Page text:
Commercial catch volumes within the Marshall Islands EEZ are dominated by the purse seine fishery. In 2014, the estimated total catch for all gears combined was 53,683mt highest in last five years, with purse seiners accounting for 81 percent, longliners at 15 percent, and pole-and-line vessels at four percent.
"Underwater surveys have become a key part of MIMRA's ongoing work to gather the scientific data needed to characterize marine resources and create strategic plans for future sustainability."
MIMRA's Coastal Fisheries Division oversees a variety of programs aimed largely at ensuring conservation and management of domestic fisheries resources and participation of outer island communities in decision-making about resource protection and management for sustainability.
A key component of this is work with outer island communities, including local governments and traditional leaders, to develop resource management plans. This involves MIMRA staff engaging with outer island communities in a process of understanding the need for management plan, identifying resources essential to the sustainability of these remote communities, and drafting a sustainable management plan for inshore or coastal fisheries resources.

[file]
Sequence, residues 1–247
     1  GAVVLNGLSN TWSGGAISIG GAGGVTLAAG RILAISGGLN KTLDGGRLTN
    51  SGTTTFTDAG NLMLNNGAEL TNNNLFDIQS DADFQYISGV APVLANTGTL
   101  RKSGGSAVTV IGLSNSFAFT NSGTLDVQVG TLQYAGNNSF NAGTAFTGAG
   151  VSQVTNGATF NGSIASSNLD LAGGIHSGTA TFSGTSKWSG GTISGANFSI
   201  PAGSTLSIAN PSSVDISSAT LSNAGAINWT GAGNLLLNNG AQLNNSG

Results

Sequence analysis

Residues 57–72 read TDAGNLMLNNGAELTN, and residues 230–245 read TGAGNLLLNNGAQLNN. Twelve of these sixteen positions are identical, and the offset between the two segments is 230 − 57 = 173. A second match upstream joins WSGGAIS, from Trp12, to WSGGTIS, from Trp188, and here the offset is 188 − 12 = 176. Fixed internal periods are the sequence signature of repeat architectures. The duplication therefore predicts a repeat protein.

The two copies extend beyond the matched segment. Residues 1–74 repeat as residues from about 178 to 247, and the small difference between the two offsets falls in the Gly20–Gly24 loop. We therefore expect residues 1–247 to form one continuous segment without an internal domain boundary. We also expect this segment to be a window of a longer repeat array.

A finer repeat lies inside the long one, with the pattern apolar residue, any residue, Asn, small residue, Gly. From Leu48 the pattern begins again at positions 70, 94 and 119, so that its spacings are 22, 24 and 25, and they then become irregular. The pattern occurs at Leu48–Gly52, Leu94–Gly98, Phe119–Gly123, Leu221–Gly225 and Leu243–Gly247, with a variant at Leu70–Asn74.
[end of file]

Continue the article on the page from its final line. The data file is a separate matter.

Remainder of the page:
"An important benefit of the process was widening the scope of circle of expertise, resources and consultations on sustainable resource management issues."
MIMRA works in collaboration with the Coastal Management Advisory Council (CMAC), which was formed in 2005 to facilitate communication and cooperation among organizations involved in the management and conservation of coastal and marine resources in the Marshall Islands. The first strategic action plan and team charter was developed for CMAC with support and assistance from the Nature Conservancy (TNC) in 2006.
A second strategic action planning workshop was facilitated by TNC November 5-9, 2013, as a key activity for CMAC to pro
The Coastal Fisheries Division continues its commitment to ensure that communities benefit from Outer Islands Fishing Projects and aquaculture/mariculture projects. MIMRA continues to encourage the development of culture fisheries and aquaculture for their potential to contribute to improving national fisheries production capacity and to stimulate local economies.
This project forms part of SPC’s ‘Monitoring the Vulnerability and Adaptation of Coastal Fisheries to Climate Change’ project, funded by AusAID under Australia’s International Climate Change Adaptation Initiative (ICCAI), which aims to detect possible changes in coastal fisheries connected to climate rather than to other pressures on the resource, such as overfishing and habitat degradation.